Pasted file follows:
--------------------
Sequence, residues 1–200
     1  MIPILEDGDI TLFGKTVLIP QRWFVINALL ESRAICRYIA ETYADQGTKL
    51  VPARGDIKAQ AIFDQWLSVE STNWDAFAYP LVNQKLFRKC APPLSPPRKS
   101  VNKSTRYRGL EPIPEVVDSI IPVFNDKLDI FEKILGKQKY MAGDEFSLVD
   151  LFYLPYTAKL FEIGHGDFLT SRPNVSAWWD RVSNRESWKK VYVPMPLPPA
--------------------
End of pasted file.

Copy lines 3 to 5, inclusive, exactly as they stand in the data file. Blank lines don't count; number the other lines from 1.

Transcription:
    51  VPARGDIKAQ AIFDQWLSVE STNWDAFAYP LVNQKLFRKC APPLSPPRKS
   101  VNKSTRYRGL EPIPEVVDSI IPVFNDKLDI FEKILGKQKY MAGDEFSLVD
   151  LFYLPYTAKL FEIGHGDFLT SRPNVSAWWD RVSNRESWKK VYVPMPLPPA